That dialog was perfect. He’s been remarkably good about watching his tongue (better than I am, to my own shame). He’s never hesitated to ask me about words he doesn’t know, and sometimes he covers his ears when he knows the word is coming at him!
I know I can’t protect my child from the world, and I believe that sheltering him is a bad idea. Our theory was that if I expose him in the safety of my own home, with the chance to explain the whys and why nots, he won’t wind up embarrassing himself later on from naivety, and hopefully he will learn to set the boundaries for himself.
My parents were like dictators when I was a teen, or at least that is how I felt. We had a health class in 9th grade that had a section on drugs and alcohol. We had to take papers home and have our parents fill in what they would do if they caught us drinking or doing drugs. My parents put that they would ground us and take us to our church leader. I felt horrible when that was what they put on there. No talking to us about what was going on and why were doing it, just punish and send us to someone to “fix” us. There was no discussion about it. Just “you are not allowed to drink or do drugs.” No explanation of why or anything. My suggestion would be to talk to your children about why you don’t want them to do these things. How it can affect them for the rest of their lives (if they were driving and got in an accident while drinking or drunk, alcoholism, being more susceptible to sexual abuse, etc.). Being sure to include your love and concern for them while discussing it so they know it isn’t just you being some mean person who wants to control their lives is vitally important (in my opinion).
I rebelled. I am an alcoholic. I wish I had listened to my parents. The consequences are lifelong. They aren’t gone. I haven’t drank in 9 years, but it isn’t easy. Who wants that for the rest of their life? Alcoholism runs in my family and my husband’s family. I believe drinking is never okay (but I won’t judge others for their differing views).
I LOVEEE this post! You are right~ we do make rules based on our experiences far too often. My husband and I were both raised that drinking is wrong. However he in a more legalistic way than I was. With our children(17, 15, 13, 11) we have chosen to have open conversations about alcohol and tatoos. Talking about the long term and short term effects and consequences has helped us all. My husband and I do not drink at all. He used to, socially. I never have~ can’t stand the taste. WE decided many years ago to stop based on the poor choices that friends and family made in the use of alcohol. We have lived in communities(northern and isolated) for too many years where alcohol is used excessively as a medication, form of entertainment and abused beyond belief. People don’t know how to gather together without it and they don’t know to NOT bring it with them when they visit. So, like smoking, we just banned it in our house and on our acreage. It forced people to recognize their own issues and how much they rely on it as a vice. For our kids, they’ve smelled it, seen the drunks on the streets, seen friends hospitalized over it and seen the consequences. When they are of legal drinking age(19 here), they are free to make those decisions but based on what they know, they have all said they have no desire to go there. Honesty, openness, communication….keys to avoiding the legalistic trappings. Thanks again.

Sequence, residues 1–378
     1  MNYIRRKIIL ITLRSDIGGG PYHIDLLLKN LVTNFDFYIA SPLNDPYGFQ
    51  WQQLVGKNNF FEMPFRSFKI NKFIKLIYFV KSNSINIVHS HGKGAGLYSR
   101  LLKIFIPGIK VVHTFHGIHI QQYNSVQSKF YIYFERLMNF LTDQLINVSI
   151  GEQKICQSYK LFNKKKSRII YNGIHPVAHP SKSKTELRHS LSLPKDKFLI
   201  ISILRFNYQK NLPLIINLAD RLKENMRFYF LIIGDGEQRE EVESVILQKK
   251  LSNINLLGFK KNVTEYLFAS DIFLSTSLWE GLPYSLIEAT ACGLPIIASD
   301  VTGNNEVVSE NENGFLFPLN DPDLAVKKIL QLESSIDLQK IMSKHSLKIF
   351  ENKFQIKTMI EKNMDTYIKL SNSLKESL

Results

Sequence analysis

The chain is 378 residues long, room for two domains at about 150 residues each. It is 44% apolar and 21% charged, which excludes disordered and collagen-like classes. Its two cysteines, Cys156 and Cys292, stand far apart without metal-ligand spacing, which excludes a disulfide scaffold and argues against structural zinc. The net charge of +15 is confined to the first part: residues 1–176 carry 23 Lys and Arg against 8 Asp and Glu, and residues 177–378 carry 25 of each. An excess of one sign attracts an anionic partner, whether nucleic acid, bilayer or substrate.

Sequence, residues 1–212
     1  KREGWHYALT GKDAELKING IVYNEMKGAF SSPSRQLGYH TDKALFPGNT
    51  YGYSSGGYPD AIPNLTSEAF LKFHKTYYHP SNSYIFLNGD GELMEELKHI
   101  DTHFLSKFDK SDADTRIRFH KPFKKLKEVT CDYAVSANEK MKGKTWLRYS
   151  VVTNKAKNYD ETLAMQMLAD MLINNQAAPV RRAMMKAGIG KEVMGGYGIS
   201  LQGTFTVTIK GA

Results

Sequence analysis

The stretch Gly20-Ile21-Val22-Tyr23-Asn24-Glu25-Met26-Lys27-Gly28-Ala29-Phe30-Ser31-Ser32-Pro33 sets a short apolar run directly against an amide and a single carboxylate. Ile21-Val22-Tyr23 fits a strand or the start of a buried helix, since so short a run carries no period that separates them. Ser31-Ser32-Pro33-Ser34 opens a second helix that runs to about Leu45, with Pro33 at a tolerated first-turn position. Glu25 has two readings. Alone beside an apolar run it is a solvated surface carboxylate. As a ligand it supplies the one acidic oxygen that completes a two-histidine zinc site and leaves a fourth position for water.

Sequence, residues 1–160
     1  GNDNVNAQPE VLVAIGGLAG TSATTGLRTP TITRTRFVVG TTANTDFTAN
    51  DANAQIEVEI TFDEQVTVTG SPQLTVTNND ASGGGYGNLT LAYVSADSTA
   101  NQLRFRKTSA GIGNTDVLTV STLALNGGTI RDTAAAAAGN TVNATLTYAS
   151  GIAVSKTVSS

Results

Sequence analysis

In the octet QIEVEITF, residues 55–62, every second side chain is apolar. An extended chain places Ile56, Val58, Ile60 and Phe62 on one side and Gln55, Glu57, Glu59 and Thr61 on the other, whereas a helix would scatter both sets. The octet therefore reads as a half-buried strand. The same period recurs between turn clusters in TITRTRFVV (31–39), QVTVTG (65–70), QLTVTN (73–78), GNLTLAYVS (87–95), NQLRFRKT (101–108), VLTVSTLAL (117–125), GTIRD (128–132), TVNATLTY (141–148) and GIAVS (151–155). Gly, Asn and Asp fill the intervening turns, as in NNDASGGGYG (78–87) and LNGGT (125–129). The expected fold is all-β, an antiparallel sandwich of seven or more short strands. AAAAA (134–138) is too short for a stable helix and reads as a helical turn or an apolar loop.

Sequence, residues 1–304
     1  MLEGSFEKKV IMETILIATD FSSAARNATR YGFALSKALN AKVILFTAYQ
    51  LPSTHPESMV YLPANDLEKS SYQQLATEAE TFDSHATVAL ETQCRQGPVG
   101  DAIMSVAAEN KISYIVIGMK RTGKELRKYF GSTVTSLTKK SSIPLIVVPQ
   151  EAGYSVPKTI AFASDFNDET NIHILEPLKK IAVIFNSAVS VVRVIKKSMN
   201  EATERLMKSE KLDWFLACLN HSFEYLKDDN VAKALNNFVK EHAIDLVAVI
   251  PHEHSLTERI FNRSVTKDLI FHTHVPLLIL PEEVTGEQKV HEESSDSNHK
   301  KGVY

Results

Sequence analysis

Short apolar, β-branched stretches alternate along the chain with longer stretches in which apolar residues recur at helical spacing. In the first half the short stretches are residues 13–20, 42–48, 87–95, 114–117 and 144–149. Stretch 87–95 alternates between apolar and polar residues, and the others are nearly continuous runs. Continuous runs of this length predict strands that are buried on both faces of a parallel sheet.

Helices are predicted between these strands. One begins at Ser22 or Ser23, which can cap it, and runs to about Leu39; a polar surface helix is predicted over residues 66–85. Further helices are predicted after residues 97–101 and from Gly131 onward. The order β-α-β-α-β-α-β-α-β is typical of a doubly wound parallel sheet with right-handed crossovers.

I totally agree! My daughters are 9 and 12, and we have been very open about everything! A very sweet, wise, godly woman once told me not to let anything be taboo in your home. We try to communicate about everything, and the girls feel comfortable about asking everything. I do think you have to be careful with drawing lines, and that there is a balance between what God says and being curious. Both of our girls have made professions of faith, so we usually share what God says about a certain thing, and answer any questions they have. We pray that God’s spirit in them will help them to make wise choices that are in line with God’s word. Thanks for sharing, this is one of my favorite series!!!
Thank you for teaching your children. I raised my children and watching my grandchildren being raised in this amazing world of choices. My advice to all you young mothers…yes, you are doing the right thing but remember we live in a fallen world and there will be times when your children make will make the wrong choices. Sometimes choices that will be with them for a lifetime. You will need to be there to comfort, pray, forgive and accept them. Even in the midst of the poor choices as adults (and it will happen) don’t turn your back on them. You have taught them well. When they are young adults, keep silent, let God speak to their hearts and do His work. He knew those days were going to happen and even though you are white knuckling it..in the midst of your pain and tears (and you will have them) He is in control. Such peace does pass all understand!
Great post! I feel like I could have written it myself–right down to the occasional Blue Moon. I think the only thing I would add that we have done differently with our teen and tween is, in conversations about tattoos, to recommend that if they DO someday decide to get a tattoo–once they are grown and out of our house–they should put it in a place that can easily be covered up in case it doesn’t fit into their professional life or later in life they decide it is not their style at all. That way, they have options with how they want to present themselves.
I love the succinct way that you talked about sapping the strength and diluting the mysteries. Great conclusions. Can’t wait to read the rest of these posts!
EXACTLY how we have handled it. Great job, Robin!
First time visiting your blog thru the 31 days event. As the parent of a 17 year old daughter I could very much relate to your advice. I look forward to reading more. thanks.
Love. My children taste wine every week at church…
I agree that involving them in a conversation where they come to their well though own positive or negative conclusion is paramount to any parenting demand.
ok – that was “their own well thought out conclusion” whether positive or negative…
PLus how can a mom named Liberty put the kibosh on it in general?!
I have to agree that my parents definitely “diluted the mystery” of alcohol for me, too! On my 19th birthday my dad asked if I wanted a glass of wine. And I said, “Dad, if I haven’t drank until now … why would I?” I personally didn’t drink at all until I was 21 because it was illegal, and if I choose to now it’s very infrequently and mildly!